In a move that will not click with selfie enthusiasts, the Archaeological Survey of India, under a new policy, has banned the use of selfie sticks at its 46 site museums across the country.

“Selfie sticks are strictly not permitted on the museum premises,” states the Photography/ Filming Policy for the Archaeological Site Museums of the Archaeological Survey of India.

b’Visitors to the archaeological site museums can no longer carry their selfie sticks into the premises.’

So, visitors to archaeological site museums like Taj Museum in Agra, the Indian War Memorial Museum in Delhi, Archaeological Museums in Konarak, Hampi and others across the country, have to tuck away their sticks in their bags if they want a glimpse of the artifacts on display.

Site museums are places where the ASI keeps the small and movable antiquities, recovered from the ancient sites, in close association with the remains to which they belong. Such museums often close to the excavation site displays objects retrieved during site excavations, found during explorations, during scientific clearances and during conservation of monuments.

These objects generate a lot of academic and commercial interest because of their historical or archaeological significance to the site.

Sources in ASI say that the decision to exclude selfie sticks was taken to ensure the security of the artifacts as there have been instances of the sticks getting too close to them.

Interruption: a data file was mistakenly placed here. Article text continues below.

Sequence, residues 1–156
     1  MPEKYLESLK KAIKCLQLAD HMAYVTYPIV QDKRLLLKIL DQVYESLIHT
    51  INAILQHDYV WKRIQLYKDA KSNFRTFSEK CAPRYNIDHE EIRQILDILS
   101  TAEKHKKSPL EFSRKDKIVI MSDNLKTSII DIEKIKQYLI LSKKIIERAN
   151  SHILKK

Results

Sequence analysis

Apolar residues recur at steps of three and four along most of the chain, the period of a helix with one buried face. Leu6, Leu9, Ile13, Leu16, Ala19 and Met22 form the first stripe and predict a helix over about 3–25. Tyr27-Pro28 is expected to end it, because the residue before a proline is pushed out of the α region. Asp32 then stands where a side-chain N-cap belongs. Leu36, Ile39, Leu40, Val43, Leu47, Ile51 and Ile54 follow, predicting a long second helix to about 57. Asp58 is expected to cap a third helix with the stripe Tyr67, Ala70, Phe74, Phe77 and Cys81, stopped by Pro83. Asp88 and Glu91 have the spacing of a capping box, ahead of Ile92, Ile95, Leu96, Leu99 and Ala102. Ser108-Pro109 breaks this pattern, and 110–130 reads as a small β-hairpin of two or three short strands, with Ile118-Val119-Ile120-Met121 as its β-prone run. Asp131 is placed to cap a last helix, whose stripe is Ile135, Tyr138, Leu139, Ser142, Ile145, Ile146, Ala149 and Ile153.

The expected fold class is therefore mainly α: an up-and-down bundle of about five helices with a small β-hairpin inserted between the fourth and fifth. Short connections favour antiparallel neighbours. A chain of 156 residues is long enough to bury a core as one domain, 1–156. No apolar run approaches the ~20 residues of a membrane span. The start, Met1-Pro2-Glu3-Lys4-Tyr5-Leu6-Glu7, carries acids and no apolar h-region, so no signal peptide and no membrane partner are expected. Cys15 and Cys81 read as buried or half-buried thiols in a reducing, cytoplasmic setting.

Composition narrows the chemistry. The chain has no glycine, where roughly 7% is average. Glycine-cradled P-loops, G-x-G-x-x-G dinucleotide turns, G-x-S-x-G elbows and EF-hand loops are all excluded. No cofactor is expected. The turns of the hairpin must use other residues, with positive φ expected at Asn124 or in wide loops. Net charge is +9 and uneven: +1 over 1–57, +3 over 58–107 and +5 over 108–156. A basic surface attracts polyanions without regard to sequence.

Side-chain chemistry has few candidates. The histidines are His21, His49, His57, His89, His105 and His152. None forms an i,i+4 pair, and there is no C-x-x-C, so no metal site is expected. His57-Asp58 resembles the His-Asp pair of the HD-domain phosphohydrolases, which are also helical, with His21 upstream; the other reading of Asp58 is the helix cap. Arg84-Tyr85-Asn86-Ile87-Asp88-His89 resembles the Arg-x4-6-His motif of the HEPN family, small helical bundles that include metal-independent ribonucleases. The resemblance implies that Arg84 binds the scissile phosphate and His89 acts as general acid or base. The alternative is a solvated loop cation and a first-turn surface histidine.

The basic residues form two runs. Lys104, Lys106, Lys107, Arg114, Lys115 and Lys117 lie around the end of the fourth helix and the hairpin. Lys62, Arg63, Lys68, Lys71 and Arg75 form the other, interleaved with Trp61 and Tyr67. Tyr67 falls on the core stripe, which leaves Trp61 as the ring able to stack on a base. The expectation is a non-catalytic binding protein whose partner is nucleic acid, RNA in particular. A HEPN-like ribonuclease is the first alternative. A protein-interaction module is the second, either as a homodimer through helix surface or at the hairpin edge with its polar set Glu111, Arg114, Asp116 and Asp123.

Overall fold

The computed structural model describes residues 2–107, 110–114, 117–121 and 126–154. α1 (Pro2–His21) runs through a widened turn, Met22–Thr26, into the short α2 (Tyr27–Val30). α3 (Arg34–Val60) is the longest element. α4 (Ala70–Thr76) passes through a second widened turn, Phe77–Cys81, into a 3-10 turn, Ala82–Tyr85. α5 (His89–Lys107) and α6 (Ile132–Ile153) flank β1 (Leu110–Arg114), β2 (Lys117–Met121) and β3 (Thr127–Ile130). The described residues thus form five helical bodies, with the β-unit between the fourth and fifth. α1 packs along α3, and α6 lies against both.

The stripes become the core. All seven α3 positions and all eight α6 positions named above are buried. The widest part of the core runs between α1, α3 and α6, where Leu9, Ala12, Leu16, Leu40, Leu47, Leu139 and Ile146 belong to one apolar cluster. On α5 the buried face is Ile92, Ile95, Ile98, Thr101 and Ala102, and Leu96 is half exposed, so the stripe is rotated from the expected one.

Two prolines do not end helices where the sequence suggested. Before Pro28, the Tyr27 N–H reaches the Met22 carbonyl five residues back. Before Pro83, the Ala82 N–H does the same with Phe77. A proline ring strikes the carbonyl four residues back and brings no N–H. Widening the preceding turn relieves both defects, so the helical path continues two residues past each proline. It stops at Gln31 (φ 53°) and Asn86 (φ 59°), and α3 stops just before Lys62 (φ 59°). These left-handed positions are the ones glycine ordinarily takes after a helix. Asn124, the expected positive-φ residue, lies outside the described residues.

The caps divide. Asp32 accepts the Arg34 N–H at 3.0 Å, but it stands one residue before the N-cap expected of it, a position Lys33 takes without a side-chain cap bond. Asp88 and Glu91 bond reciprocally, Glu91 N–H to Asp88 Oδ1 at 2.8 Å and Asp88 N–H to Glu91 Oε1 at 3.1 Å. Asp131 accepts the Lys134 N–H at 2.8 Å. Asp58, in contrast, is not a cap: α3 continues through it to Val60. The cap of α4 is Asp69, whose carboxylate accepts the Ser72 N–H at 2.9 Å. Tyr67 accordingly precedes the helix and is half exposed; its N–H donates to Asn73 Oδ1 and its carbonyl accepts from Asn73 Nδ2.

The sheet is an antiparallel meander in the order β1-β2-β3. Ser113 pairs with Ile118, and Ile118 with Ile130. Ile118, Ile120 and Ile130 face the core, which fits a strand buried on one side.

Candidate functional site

b’Authorities are also concerned about the heavy equipment used for photography.’

“Times are changing and at every site, there are people with mobile phones and taking pictures freely. There are people even shooting inside the monuments, so a decision was taken by the ASI to put in place some restrictions,” said Dr K Lourdusamy, Director, ASI.

However, it is not just the selfie stick that has raised concerns among officials but also heavy equipment and accessories used for photography.

The policy has also said that while photography is open to the public in all the museums free of cost, but the catch is that they cannot use tripods, monopods or flashlights. In fact, visitors can only use existing museum lighting for their pictures.

b’The move is an attempt to ensure the security of the artifacts in the museum.’

Visitors wanting to use multiple lenses, tripod monopods or carry large photography bags have to get prior permission provided they use them for academic purposes. This permission has to be with 15 days before the scheduled arrival of the person at the site.

R K Mishra, Additional Director General of National Museum, Delhi, an autonomous body under the ministry of culture said that the museum was yet to face any problems due to the selfie sticks, but conceded that “we might have to think about it (selfie sticks) and bring in a policy if required, but so far, there is no need”.

Former culture secretary Jawhar Sircar seemed to be completely opposed to the idea.

“I am of the opinion that technology cannot be stopped. ASI officials should understand that only opening a shop doesn’t help, they should learn to smile at customers too. ASI is a custodian of Indian culture, not its owners and they should have an open spirit,” Sircar said.